Power Gig: Rise of the SixString is a 2010 rhythm game developed and published by Seven45 Studios. It aimed to get players to “rock for real” by including a real electric guitar with the game, as opposed to Guitar Hero and Rock Band's plastic instruments.
Why It Sucks
The game was released when the popularity of instrument-based rhythm games was waning; even the established Guitar Hero and Rock Band franchises were struggling in 2009 and 2010 due to over-saturation.
The game was released one week prior to Rock Band 3, hoping to capitalize on ill-informed parents.
The game had questionable and arrogant marketing, attacking both Guitar Hero and Rock Band as well as their respective fandoms, thus alienating their potential userbase. There was also an infamous video where Power Gig's developers dumped hundreds of third-party guitar controllers into an Icelandic volcano.
The SixString guitar is terrible both as a game controller and as a standalone instrument.
It is very difficult to operate the guitar when playing the game, especially for those who never played an actual stringed guitar. A "string lock" device had to be implemented, or the game would otherwise register several false inputs.
When using it as an actual electric guitar, it sounds very cheap. For the guitar bundle's original price of US$180, it's better to buy a used guitar from a more reputable manufacturer (e.g., Fender, Gibson, etc.) if you want to learn to play guitar for real.
The game barely encourages the player to learn real guitar, making the presence of an actual stringed instrument pointless.
The AirStrike drum controller's concept had merit on paper, using sensors to air drum rather than hitting physical pads for a more compact and more quiet experience, but its execution was flawed.
The AirStrike had poor hit detection due to a lack of tactile feedback.
The AirStrike relied on infrared sensors, which are too imprecise for fast input such as drumming.
The player cannot use their own drumsticks with the controller. The sticks supplied with the AirStrike contain IR transmitters, and the sticks had to be held in a specific way in order to communicate with the IR receivers in the base unit. Also, if the sticks are missing or broken, the controller is rendered useless.
The AirStrike required 6 AA batteries to operate.
The air drumming concept of the AirStrike conflicts with the real guitar concept that the game is touting.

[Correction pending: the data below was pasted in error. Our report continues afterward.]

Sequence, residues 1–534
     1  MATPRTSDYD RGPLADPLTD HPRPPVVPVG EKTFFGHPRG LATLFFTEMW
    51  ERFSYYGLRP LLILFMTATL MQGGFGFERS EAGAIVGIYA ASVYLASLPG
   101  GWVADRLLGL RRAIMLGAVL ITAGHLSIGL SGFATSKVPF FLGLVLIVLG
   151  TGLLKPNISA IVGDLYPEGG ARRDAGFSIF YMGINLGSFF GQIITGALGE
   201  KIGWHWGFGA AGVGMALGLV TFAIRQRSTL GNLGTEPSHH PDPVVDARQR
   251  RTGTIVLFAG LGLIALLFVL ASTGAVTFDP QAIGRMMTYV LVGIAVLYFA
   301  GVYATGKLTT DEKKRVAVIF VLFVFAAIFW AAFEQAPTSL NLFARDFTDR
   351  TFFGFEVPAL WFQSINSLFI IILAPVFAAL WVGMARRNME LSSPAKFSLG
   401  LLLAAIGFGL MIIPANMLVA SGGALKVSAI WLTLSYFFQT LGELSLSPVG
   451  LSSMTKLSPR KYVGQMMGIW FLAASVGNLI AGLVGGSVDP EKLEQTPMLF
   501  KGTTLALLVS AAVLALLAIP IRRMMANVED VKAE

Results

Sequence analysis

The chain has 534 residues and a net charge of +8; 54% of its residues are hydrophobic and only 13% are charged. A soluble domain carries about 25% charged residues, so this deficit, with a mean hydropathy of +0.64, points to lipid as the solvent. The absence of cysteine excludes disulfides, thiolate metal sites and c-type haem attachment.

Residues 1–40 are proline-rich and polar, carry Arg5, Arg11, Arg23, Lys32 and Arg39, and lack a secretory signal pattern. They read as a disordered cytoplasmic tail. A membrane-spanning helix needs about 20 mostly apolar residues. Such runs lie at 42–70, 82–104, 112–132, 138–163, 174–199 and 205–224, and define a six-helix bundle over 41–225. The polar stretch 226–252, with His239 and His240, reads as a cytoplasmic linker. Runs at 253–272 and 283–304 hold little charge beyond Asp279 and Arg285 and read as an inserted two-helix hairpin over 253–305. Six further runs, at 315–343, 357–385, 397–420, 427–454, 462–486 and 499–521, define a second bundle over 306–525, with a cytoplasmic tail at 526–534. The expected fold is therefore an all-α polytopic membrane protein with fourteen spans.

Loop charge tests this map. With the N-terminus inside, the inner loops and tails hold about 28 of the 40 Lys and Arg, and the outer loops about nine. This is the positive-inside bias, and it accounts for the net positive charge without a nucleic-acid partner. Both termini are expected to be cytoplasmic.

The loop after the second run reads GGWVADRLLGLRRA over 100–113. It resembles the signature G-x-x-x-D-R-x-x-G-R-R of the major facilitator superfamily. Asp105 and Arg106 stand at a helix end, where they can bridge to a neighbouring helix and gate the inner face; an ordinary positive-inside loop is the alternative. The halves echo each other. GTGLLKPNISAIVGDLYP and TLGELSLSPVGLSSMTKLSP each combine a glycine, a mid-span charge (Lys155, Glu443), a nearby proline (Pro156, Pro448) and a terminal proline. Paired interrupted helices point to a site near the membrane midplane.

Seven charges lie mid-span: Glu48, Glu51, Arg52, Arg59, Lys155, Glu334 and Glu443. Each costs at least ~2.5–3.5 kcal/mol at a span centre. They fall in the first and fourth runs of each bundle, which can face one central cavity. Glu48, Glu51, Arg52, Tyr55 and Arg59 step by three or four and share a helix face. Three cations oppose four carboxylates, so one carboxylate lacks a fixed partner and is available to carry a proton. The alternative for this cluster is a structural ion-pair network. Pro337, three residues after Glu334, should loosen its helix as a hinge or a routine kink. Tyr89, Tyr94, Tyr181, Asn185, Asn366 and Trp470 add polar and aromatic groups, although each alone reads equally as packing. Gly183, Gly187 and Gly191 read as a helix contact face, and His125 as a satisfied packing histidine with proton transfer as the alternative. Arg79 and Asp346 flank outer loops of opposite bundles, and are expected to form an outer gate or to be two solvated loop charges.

When using a Rock Band or Guitar Hero guitar controller, the player cannot use the guitar controller's tilt sensor to activate "Mojo", the game's equivalent of "Star Power" or "Overdrive"; this is due to Power Gig's SixString controller lacking a tilt sensor. Also, the whammy bar can't be used to manipulate sustained notes and inexplicably acts the primary activation trigger for "Mojo".
When using a Rock Band or Guitar Hero drumset, it is virtually impossible to activate "Mojo" at will without breaking combo, since its activation trigger is mapped to the Back/Select button, and the AirStrike uses a separate pedal for this purpose.
Some achievements/trophies explicitly require Power Gig's peripherals to unlock.
No practice mode.
Difficult to use calibration screen.
No playable bass guitar track.
No online multiplayer.
Clunky UI and overall bad graphics.
Note charts for guitar and drums are presented in a flat 2D perspective instead of the slanted 2.5D perspective used by Rock Band and Guitar Hero, making it difficult to anticipate notes on higher difficulties.
Even when an instrument is not being played, its interface is still visible on the screen, whereas Rock Band and Guitar Hero only display active instruments.
For guitar, there is a colored string attached to all of the notes, which can be distracting.
For drums, the kick pedal uses a gem in the center rather than a special long gem spanning the target zone; this can throw off players accustomed to the Guitar Hero drumset, which uses five pads plus the kick pedal.
Character models look ugly and animations look bland and stiff.
Inaccurate note charting.
Roughly two-thirds of the soundtrack is locked from the start, forcing the player to play through the story mode to unlock additional songs; both Guitar Hero and Rock Band dropped this trend a year prior to Power Gig's release. There is also no "unlock all songs" cheat code for quickplay.
Idiotic plot. It centers around collecting “mojo” to unite three rebel clans in order to defeat the evil Headliner, who has outlawed playing music in public.
Story mode progression is convoluted. Instead of simply beating a set of songs or earning enough stars, fans, and/or money to advance, players have to play specific songs with specific symbols as the game's story dictates; this is particularly problematic in the first act, when only one-third of the soundtrack is available.
On Xbox 360, notifications can block the target zone for both guitar and drums.
The game only had one DLC pack with three songs: "Beer" by Reel Big Fish, "The Impression That I Get" by the Mighty Mighty Bosstones, and "Dashboard" by Modest Mouse.
No character customization, as there are only six playable characters, who are locked into their instruments.
The Only Redeeming Quality
The game has a large setlist with some decent songs, including some by Eric Clapton and the Dave Matthews Band, who had never appeared in a rhythm game before, although Clapton would later appear in Ubisoft's Rocksmith, a game which can use almost any guitar using a 1/4" amp input and is a more adept teacher than Power Gig, while the Dave Matthews Band had DLC in Rock Band 3.